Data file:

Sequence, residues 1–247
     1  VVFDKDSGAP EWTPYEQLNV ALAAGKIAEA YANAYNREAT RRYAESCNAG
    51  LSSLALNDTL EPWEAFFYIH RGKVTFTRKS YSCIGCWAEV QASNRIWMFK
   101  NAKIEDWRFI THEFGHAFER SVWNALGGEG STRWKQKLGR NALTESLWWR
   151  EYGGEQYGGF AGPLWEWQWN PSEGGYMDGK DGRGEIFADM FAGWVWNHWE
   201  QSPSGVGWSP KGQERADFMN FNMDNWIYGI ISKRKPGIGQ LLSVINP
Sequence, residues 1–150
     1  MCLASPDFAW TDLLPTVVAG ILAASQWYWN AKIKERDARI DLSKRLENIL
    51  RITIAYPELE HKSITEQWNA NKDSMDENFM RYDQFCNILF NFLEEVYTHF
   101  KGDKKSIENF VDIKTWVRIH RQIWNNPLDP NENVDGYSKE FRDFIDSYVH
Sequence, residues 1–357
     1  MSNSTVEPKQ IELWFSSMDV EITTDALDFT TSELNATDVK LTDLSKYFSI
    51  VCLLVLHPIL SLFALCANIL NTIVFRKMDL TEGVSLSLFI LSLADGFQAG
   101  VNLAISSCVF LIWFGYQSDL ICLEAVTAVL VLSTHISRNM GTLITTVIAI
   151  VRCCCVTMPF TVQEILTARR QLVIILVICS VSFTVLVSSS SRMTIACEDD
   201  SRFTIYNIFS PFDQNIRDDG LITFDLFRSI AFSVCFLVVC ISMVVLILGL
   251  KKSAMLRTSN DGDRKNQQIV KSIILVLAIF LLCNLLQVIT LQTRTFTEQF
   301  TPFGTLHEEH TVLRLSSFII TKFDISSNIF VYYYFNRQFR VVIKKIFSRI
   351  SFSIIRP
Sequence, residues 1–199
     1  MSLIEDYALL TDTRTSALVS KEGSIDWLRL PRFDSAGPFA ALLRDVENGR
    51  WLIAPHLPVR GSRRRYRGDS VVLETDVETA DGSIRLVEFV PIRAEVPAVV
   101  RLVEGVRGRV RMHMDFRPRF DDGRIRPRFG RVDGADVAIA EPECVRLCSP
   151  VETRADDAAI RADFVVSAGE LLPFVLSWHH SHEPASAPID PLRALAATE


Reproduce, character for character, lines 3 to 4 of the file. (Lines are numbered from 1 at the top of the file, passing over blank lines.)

    51  LSSLALNDTL EPWEAFFYIH RGKVTFTRKS YSCIGCWAEV QASNRIWMFK
   101  NAKIEDWRFI THEFGHAFER SVWNALGGEG STRWKQKLGR NALTESLWWR